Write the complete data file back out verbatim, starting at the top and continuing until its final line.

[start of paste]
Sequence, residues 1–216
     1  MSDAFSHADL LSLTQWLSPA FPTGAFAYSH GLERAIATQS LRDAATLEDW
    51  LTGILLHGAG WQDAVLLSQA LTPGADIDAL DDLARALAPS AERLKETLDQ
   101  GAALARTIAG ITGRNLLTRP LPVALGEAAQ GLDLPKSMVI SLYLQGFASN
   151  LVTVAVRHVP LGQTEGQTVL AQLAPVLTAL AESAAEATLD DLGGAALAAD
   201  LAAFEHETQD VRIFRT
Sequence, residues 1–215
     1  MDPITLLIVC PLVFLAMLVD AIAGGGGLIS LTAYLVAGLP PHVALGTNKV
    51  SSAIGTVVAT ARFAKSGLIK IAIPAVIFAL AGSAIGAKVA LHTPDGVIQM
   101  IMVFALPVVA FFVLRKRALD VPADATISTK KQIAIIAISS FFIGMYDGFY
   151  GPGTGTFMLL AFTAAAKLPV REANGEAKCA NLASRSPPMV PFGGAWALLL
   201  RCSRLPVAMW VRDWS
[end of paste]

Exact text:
Sequence, residues 1–216
     1  MSDAFSHADL LSLTQWLSPA FPTGAFAYSH GLERAIATQS LRDAATLEDW
    51  LTGILLHGAG WQDAVLLSQA LTPGADIDAL DDLARALAPS AERLKETLDQ
   101  GAALARTIAG ITGRNLLTRP LPVALGEAAQ GLDLPKSMVI SLYLQGFASN
   151  LVTVAVRHVP LGQTEGQTVL AQLAPVLTAL AESAAEATLD DLGGAALAAD
   201  LAAFEHETQD VRIFRT
Sequence, residues 1–215
     1  MDPITLLIVC PLVFLAMLVD AIAGGGGLIS LTAYLVAGLP PHVALGTNKV
    51  SSAIGTVVAT ARFAKSGLIK IAIPAVIFAL AGSAIGAKVA LHTPDGVIQM
   101  IMVFALPVVA FFVLRKRALD VPADATISTK KQIAIIAISS FFIGMYDGFY
   151  GPGTGTFMLL AFTAAAKLPV REANGEAKCA NLASRSPPMV PFGGAWALLL
   201  RCSRLPVAMW VRDWS